27 days

Andean Odyssey

Andean Odyssey

The 'Lost City of the Incas' - UNESCO World Heritage-listed Machu Picchu

The potions of 'Witches’ Market'

Tiahuanaco's 'Gateway of the Sun'

Puno - a town four kilometres above sea-level

La Paz - the world's highest 'unofficial' capital city

Uyuni Salt Desert's caves and cacti

UNESCO World Heritage-listed colonial city of Sucre

The colourful market town of Pisac

The condors of one of the deepest canyons in the world - Colca Canyon

The floating reed islands of the Uros people on the highest navigable lake in the world - Lake Titicaca

The towering Inca citadel at Ollantaytambo

UNESCO World Heritage-listed Nazca Lines - gigantic lines, symbols and animal images etched into the ground

Warminwanusca - 'Dead Woman’s Pass' on the Inca Trail

The white volcanic 'sillar' architecture and Cathedral of UNESCO World Heritage-listed Arequipa

UNESCO World Heritage-listed ancient Inca capital of Cusco

UNESCO World Heritage-listed historic centre of the Peruvian capital Lima

Trip rating
  • Peru excels at the mysterious and the magical: we visit the town of Nazca where you have the option to check out the Nazca Lines, sprawled among desert plains; or gaze out onto Machu Picchu, rising like a mirage atop an abrupt, hidden Andean peak; then visit Titicaca’s floating reed Uros Islands or follow the hypnotic flight of Colca Canyon’s condors. This trip takes in all these wondrous moments, and explores the country’s colonial glories in Lima, Cusco and the beautiful white city of Arequipa. But that’s not all – Bolivia provides experiences that Peru can’t: the breathtaking city of La Paz, surely one of the most spectacularly sited anywhere, and boasting an addictive, carnivalesque atmosphere. And to the south lies fantastical, otherworldly Uyuni, a surrealist world of expansive deserts made of salt and trees of rock – a landscape unlike any other, and one that needs to be seen to be believed.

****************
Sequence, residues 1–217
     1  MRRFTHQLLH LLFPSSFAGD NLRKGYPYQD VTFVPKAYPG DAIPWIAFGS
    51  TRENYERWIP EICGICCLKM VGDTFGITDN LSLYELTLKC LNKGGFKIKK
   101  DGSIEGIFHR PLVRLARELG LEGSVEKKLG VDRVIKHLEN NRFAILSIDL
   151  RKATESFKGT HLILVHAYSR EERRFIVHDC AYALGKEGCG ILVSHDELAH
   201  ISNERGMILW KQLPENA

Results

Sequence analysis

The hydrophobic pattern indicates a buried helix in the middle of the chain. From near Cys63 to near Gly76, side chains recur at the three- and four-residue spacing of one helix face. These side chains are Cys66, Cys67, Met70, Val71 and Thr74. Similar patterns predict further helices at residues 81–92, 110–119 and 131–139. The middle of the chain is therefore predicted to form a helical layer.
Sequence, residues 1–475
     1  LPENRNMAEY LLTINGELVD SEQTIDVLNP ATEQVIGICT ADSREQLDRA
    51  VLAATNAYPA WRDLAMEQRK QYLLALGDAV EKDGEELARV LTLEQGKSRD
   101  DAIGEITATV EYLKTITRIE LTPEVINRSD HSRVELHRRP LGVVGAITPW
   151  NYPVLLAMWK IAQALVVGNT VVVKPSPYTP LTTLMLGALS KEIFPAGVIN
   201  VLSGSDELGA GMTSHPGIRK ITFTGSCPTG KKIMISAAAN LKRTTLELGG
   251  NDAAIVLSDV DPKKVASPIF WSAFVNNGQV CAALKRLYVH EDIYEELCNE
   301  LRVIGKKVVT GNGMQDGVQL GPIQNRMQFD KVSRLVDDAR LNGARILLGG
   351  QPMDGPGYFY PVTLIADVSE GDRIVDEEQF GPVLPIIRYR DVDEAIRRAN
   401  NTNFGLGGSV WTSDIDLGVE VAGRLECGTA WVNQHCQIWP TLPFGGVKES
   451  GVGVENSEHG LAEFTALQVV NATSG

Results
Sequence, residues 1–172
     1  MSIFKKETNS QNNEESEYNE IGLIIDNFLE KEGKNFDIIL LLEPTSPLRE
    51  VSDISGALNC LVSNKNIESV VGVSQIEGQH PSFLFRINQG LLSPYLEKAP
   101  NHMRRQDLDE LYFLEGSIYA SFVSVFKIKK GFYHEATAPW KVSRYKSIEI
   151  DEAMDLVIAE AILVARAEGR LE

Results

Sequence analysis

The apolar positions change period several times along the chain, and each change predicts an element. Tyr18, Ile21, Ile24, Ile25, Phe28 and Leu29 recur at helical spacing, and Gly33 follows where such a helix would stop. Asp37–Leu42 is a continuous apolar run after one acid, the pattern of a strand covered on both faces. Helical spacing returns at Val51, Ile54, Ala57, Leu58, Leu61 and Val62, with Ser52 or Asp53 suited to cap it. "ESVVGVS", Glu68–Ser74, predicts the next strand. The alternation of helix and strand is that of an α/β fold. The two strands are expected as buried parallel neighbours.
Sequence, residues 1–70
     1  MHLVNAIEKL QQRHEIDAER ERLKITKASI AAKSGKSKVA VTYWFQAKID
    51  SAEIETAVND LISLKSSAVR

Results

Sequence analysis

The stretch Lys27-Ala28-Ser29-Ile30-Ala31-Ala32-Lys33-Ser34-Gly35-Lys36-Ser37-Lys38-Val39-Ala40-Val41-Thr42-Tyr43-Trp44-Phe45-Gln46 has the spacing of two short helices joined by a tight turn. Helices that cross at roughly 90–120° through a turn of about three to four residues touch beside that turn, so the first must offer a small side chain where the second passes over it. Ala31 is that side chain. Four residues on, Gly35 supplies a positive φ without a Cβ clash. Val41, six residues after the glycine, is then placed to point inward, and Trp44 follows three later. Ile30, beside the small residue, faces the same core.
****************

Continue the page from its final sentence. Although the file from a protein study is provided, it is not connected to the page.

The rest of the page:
Why we love it

    • Peru excels at the mysterious and the magical: we visit the town of Nazca where you have the option to check out the Nazca Lines, sprawled among desert plains
    • Gaze out onto Machu Picchu, rising like a mirage atop an abrupt, hidden Andean peak
    • Visit Titicaca’s floating reed Uros Islands or follow the hypnotic flight of Colca Canyon’s condors
    • This trip takes in all these wondrous moments, and explores the country’s colonial glories in Lima, Cusco and the beautiful white city of Arequipa.
    • Bolivia provides experiences that Peru can’t: the breathtaking city of La Paz, surely one of the most spectacularly sited anywhere, and boasting an addictive, carnivalesque atmosphere.
    • To the south lies fantastical, otherworldly Uyuni, a surrealist world of expansive deserts made of salt and trees of rock – a landscape unlike any other, and one that needs to be seen to be believed.


    Day 1-2 - Lima

    • On arrival at Lima's Jorge Chavez International Airport you will be transferred to your hotel in the well-known coastal suburb of Miraflores. In the evening at approximately 6pm you'll meet your tour leader and the other members of your group for a pre-tour briefing.